Never Stop Building - Crafting Wood with Japanese Techniques
Crafting Wood with Japanese Techniques


A carpenter’s notebook. The Never Stop Building notebook page features semi regular updates and musings on carpentry, building, Japanese woodworking, craft culture, travel and other topics.

A Pilgrimage to Japan

From June 12 to July 24, 2018 I lived and traveled throughout one of my favorite countries, the land of the rising sun, the island nation: Japan! The spark for the trip occurred early in the year, the deeper I would dive into the craft of Japanese woodworking, the more I desired to go back to the source. Though I spent a short week in the Kansai area in 2006, I could only remember moods and feelings, the specifics were cloudy. The constant wish for "the perfect trip" or a year long stay preventing me from ever actually going back, and yet having been infatuated with Japan since an early age, it seemed a paradox that I would wait so long to visit. I caught myself in the cycle of craving and simply decided: "it's time to go." And that was that.

Devoting oneself to a specific topic certainly helped shape this new trip. I discovered a wonderful opportunity through the website Workaway to live, work, and practice Zen at the Horakuan Zen Retreat Center. The proprietor and priest Dorothee is a wonderful and fascinating woman and made me feel right at home. For the first 3 weeks of the trip other guests and I helped in the process of building out a new meditation hall under the guidance of an amazingly skilled carpenter. The opportunity to simply watch a master at work and complete layout on large natural posts and beams was extremely rewarding. I considered the first half of the trip an act of easing myself into Japanese culture, as one might ease oneself into a hot onsen. It was very peaceful, calm, and serene in the mountains of Nagano.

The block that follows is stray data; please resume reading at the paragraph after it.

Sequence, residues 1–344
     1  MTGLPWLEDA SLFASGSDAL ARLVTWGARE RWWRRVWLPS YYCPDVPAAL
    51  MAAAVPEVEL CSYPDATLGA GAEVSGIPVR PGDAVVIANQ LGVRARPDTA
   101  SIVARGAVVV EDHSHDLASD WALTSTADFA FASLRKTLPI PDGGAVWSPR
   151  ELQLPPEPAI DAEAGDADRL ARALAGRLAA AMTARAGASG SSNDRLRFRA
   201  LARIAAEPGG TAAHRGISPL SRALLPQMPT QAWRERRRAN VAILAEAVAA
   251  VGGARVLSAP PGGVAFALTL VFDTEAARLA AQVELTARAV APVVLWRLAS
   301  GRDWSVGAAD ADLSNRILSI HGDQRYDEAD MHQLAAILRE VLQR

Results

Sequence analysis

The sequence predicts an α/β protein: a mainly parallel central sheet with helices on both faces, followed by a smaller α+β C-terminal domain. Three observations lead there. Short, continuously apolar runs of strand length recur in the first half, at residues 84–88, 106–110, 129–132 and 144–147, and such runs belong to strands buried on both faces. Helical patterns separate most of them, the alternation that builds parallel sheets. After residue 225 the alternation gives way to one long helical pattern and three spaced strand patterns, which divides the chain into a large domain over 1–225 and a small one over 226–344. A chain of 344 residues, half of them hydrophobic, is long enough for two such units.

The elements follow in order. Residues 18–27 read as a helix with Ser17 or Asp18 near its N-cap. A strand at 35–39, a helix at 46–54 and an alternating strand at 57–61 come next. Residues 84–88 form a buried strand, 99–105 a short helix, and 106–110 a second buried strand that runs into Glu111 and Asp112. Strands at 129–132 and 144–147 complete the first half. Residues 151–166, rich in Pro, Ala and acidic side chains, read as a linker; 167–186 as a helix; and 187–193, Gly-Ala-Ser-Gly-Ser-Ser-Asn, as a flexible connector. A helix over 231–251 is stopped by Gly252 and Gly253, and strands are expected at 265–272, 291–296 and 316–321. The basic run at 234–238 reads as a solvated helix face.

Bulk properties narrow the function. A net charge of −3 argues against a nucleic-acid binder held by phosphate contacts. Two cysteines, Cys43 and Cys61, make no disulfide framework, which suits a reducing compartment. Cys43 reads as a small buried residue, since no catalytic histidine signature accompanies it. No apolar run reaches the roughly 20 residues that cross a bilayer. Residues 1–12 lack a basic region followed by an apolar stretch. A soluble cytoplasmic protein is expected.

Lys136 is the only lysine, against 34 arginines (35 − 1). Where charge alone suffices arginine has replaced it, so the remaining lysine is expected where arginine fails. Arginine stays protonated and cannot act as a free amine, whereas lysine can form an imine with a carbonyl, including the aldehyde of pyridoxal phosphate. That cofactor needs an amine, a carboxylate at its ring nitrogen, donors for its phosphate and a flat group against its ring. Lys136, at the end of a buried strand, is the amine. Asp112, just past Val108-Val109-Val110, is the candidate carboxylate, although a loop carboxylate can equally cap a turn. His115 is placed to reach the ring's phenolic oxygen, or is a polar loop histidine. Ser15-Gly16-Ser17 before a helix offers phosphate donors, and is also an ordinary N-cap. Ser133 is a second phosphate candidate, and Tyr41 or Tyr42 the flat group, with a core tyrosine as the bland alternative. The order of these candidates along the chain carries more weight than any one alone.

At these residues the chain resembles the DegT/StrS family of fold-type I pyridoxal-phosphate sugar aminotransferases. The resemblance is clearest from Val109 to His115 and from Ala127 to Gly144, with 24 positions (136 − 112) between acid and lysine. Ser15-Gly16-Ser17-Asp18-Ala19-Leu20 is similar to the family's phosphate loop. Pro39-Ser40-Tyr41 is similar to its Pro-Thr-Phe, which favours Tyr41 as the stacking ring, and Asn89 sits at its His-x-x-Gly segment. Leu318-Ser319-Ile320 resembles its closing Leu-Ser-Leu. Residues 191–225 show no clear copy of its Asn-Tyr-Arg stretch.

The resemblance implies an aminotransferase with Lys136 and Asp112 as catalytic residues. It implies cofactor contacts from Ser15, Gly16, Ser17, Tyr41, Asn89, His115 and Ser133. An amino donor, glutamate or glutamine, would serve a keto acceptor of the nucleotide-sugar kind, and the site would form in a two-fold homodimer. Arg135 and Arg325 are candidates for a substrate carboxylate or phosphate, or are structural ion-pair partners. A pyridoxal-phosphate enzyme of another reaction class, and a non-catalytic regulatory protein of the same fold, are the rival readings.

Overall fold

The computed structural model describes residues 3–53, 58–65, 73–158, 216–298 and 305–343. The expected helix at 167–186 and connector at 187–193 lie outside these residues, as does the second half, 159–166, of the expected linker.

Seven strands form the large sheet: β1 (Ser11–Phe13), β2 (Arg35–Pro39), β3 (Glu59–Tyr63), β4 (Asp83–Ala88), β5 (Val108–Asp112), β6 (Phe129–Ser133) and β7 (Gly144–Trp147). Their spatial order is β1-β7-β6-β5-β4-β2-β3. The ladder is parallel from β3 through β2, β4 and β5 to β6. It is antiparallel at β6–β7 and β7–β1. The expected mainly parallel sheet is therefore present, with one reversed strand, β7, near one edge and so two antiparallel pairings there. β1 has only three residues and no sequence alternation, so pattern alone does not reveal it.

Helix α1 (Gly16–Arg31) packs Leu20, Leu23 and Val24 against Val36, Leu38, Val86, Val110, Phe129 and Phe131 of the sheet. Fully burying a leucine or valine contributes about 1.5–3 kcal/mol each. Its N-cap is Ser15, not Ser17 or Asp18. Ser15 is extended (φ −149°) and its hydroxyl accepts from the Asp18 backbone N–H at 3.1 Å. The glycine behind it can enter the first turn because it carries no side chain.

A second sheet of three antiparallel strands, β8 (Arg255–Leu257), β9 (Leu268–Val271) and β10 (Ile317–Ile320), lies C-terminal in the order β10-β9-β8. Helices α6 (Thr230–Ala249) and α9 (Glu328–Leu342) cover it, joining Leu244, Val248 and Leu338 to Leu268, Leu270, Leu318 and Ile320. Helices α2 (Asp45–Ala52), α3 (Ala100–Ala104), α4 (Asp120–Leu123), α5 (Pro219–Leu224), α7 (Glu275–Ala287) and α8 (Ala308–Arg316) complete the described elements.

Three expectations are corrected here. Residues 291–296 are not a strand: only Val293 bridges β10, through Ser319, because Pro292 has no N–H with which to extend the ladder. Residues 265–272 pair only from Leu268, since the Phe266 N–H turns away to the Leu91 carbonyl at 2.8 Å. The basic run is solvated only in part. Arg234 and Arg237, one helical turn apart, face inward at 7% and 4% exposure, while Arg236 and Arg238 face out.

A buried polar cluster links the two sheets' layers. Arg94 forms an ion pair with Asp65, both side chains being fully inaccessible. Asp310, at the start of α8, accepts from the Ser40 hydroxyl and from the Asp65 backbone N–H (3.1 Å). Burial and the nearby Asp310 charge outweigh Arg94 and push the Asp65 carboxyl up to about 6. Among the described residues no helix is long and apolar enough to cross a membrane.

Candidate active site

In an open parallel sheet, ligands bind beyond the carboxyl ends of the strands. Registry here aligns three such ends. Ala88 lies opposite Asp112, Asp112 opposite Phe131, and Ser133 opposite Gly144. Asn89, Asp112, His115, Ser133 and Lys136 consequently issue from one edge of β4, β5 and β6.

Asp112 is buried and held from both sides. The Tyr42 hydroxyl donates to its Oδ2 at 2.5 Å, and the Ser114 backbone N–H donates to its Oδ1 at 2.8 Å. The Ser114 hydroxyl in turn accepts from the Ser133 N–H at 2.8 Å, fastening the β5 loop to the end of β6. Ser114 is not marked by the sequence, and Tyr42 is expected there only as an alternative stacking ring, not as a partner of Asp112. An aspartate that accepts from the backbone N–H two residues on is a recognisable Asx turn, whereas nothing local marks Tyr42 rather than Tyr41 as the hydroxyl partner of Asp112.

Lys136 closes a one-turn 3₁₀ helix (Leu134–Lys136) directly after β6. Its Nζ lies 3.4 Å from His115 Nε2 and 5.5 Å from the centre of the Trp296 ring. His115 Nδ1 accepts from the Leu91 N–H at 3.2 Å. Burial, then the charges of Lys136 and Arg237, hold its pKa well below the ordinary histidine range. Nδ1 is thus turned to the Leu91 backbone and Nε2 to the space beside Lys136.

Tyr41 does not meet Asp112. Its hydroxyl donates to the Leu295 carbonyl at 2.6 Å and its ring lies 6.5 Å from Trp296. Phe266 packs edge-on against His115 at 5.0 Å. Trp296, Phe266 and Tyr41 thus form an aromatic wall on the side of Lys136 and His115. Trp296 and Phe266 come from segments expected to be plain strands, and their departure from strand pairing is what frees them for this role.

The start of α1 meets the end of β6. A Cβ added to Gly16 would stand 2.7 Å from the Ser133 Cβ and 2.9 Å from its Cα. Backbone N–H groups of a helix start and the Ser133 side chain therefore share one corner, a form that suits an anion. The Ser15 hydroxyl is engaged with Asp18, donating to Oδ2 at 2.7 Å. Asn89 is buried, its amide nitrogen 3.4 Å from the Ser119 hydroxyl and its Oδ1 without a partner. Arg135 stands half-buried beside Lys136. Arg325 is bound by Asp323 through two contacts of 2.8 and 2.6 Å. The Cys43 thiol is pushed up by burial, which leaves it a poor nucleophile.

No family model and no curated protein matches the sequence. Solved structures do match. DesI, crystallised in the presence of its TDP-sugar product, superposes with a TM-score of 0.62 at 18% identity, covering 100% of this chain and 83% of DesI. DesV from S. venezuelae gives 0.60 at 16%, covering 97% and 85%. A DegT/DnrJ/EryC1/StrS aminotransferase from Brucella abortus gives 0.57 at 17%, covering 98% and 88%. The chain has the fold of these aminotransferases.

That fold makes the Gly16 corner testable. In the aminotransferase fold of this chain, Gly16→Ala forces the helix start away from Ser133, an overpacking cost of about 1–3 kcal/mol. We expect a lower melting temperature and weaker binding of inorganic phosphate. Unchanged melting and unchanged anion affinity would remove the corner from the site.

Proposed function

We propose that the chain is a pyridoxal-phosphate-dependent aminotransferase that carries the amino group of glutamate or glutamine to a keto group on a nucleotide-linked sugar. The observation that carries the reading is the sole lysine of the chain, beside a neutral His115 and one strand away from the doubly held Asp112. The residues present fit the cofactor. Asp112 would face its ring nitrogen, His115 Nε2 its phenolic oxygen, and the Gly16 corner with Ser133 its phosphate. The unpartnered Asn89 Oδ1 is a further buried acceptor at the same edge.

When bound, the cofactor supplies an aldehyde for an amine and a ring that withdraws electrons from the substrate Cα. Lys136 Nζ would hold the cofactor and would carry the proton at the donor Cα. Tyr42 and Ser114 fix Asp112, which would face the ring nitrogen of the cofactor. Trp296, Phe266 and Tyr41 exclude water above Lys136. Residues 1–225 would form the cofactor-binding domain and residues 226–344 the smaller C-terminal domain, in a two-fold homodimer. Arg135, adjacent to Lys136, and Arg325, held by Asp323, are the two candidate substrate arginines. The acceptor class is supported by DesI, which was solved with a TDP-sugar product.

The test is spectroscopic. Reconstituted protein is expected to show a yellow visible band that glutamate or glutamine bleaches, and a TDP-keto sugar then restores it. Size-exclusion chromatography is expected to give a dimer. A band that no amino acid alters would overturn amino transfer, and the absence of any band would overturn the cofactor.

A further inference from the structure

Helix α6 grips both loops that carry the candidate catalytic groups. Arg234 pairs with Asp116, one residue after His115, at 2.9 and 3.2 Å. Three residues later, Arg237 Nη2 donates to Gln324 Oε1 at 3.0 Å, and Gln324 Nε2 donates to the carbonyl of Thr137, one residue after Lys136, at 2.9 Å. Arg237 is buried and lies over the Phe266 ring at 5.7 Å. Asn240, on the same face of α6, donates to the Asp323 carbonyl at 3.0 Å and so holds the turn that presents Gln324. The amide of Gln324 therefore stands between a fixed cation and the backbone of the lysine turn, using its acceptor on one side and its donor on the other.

The second half of the trip was largely a contrast to the first. Where as first I was the rock, now I was the water, moving all over. When asked by fellow travelers or locals, I would state my simple mission: "I'm a carpenter from America. I want to learn as much as possible about Japanese woodworking. I'm either at temples, tool stores, or eating!" And that was an accurate description of my routine. I worked my way north from Nagano, collecting tools, walking around the towns observing temple and residential architecture, and decimating bowls of soba, plates of sushi, and piles of uni (the primary reason for my journey to Shakotan).

From Hokkaido I returned to the Kansai area for the bulk of the remainder of the trip. I had amazing opportunities to meet a saw maker, a plane maker, and visit with local carpenters. It was a particular joy to receive a lesson on the use of the Japanese adze, the chouna. That hooked me and it wasn't long before another piece of iron found it's way into my extremely heavy pack. It was clear that across the whole of the earth, there is a rather close knit community of people pursuing the craft of Japanese woodworking. We all seem to follow each other on Instagram! 

By the time I arrived in Tokyo my pack weighed probably 50 pounds. It's not easy picking up souvenirs when they are either made of iron, rocks or heavy oak. I was slightly glad to be rid of them at the airport, but on the whole quite dismayed that it was time for my pilgrimage to reach its end. There were so many moments of novelty, bliss, and lessons learned. So many sights and curiosities. My to-do list never really shrank, but grew, and many reasons accumulated for a return trip. I dearly hope that it won't be too long before I visit again.

There are too many interesting topics from this trip on which to expand. Those that are covered in their own notebook entries are listed at the bottom of the page. Below are a trip itinerary, map, and photo album.



Major cities to which I visited or in which I stayed.

  • Yudanaka
  • Suzaka
  • Matsumoto
  • Tsubame-Sanjo
  • Morioka
  • Hachinoche
  • Shakotan
  • Saporo
  • Kobe
  • Osaka
  • Miki
  • Himeji
  • Kyoto
  • Hiroshima
  • Matsuzaka
  • Tsu
  • Ise
  • Tokyo